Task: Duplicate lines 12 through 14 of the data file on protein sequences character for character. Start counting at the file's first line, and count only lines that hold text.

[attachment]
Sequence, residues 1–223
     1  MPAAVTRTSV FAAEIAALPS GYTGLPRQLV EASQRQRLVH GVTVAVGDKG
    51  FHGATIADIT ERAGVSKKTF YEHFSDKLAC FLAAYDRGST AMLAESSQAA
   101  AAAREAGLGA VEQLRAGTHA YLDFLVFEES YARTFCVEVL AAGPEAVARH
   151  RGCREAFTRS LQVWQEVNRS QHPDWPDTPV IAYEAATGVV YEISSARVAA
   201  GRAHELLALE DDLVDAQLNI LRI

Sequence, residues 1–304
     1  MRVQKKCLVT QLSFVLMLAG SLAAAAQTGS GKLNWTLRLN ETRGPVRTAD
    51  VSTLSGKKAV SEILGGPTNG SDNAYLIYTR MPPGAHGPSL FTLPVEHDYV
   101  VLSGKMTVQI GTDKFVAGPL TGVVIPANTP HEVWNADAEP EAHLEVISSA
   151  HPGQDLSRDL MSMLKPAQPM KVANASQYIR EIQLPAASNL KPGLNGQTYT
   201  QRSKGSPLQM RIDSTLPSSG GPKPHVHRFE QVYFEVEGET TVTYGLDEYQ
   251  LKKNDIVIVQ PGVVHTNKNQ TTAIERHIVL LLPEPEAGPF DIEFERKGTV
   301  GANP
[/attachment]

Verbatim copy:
   201  QRSKGSPLQM RIDSTLPSSG GPKPHVHRFE QVYFEVEGET TVTYGLDEYQ
   251  LKKNDIVIVQ PGVVHTNKNQ TTAIERHIVL LLPEPEAGPF DIEFERKGTV
   301  GANP